Environmental Science and Policy Students Win Third Place in Sustainable Fashion
Environmental Science and Policy Students Win Third Place in Sustainable Fashion Competition
Like many things during the last year, it started with a message on Slack: “Would anyone want to form a group for the Global Circular Challenge?” Thus began our three-month-long adventure in inventing and pitching an idea for a sustainable clothing brand.
We are five students from the Environmental Science and Policy master’s program at Columbia University’s School of International and Public Affairs. Our team, AMARA, was one of three teams from Columbia University competing to reimagine the future of fashion. We placed third among 27 teams from varying countries, backgrounds, and universities, including PhD students, MBAs, and professionals.
The London School of Economics Department of Geography and Environment’s Global Circular Challenge was pitched as a competition to design solutions for sustainable fashion, with a focus on circularity. Circularity in the fashion industry means extending the life of the clothes we wear, keeping them in use for as long as possible, and finding other uses for the materials after they can no longer be worn.
What is AMARA?
AMARA stands for the names of the students on our team: Alyssa Ramirez, Maya Navabi, Ariela Levy, Rashika Choudhary, and Allison Day. It also represents the business pitch we created for the finals of the Global Circular Challenge: a disruptive, unisex, sustainable denim brand with circularity at the heart of its mission. We designed this hypothetical business model from scratch and improved it using advice from our faculty advisor — Athanasios Bourtsalas, a Columbia University professor in energy and materials — and the various experts brought in to share their experience with the competition participants. Throughout the spring semester of 2021, many guest lecturers from organizations and recognizable companies — including Gap, Etsy, and Ralph Lauren — gave insight into how the fashion industry is adapting to the consequences of human-induced climate change, and provided valuable feedback and advice to participating teams.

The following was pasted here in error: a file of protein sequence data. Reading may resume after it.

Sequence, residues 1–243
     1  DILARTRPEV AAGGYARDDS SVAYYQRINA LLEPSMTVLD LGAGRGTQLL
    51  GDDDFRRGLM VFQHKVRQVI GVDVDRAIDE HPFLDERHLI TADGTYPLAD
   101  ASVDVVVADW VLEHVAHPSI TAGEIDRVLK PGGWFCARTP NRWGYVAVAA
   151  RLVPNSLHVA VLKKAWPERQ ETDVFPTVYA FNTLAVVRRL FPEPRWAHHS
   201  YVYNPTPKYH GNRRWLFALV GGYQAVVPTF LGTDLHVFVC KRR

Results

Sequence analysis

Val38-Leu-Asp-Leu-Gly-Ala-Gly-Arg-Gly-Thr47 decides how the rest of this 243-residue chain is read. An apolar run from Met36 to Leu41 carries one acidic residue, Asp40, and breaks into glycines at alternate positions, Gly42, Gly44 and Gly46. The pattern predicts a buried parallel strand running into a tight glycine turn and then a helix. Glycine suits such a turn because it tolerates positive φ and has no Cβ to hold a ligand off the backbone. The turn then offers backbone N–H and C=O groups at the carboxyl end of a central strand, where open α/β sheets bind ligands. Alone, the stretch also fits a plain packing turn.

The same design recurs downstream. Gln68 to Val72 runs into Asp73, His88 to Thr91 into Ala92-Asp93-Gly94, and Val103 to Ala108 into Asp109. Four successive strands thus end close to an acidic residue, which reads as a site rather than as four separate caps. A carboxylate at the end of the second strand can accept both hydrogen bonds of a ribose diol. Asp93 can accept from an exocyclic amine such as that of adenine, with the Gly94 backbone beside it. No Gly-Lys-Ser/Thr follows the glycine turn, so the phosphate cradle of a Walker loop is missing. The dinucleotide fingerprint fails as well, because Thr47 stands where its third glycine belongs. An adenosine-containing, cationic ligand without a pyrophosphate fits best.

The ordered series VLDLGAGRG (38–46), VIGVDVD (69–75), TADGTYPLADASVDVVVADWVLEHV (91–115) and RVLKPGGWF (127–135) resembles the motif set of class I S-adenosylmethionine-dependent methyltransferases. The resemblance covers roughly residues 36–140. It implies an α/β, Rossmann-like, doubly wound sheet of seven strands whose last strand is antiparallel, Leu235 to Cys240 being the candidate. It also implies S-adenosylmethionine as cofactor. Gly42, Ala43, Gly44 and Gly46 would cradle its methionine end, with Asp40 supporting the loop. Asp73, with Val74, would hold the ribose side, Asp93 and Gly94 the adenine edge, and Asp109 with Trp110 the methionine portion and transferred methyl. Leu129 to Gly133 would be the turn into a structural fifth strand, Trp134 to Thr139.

To create our business model, the AMARA team studied every step of a denim garment’s life cycle and identified areas for improvement. AMARA’s business model aims to promote the longevity of denim garments, and our pitch was unique among the other finalists because it includes circularity at every step of the denim garment’s life cycle, including:
Creation: While most jeans are made out of cotton or a cotton-synthetic blend, AMARA uses a synthetic-free hemp blend. Hemp is less water-intensive, more durable and breathable, becomes softer over time, and holds color better than cotton. It’s estimated that hemp can be four times cheaper to produce than cotton, but production has not yet achieved economies of scale. However, as more companies like AMARA begin to use hemp, its price is predicted to decrease significantly.
Sourcing: At the sourcing stage, suppliers are vetted to ensure fair, equitable labor and safe environmental practices. This environmental assessment of supply and production allows AMARA to get to know our suppliers intimately and make sure they meet our high standards for sustainability.
Design: AMARA’s products are designed to last longer and reduce waste. The brand’s garments do not have unnecessary metal rivets that are hard to recycle, nor tiny pockets that are made of fabric pieces so small they can’t be reused. AMARA’s garments are designed to be deconstructed and reused, and the hems can be adjusted easily….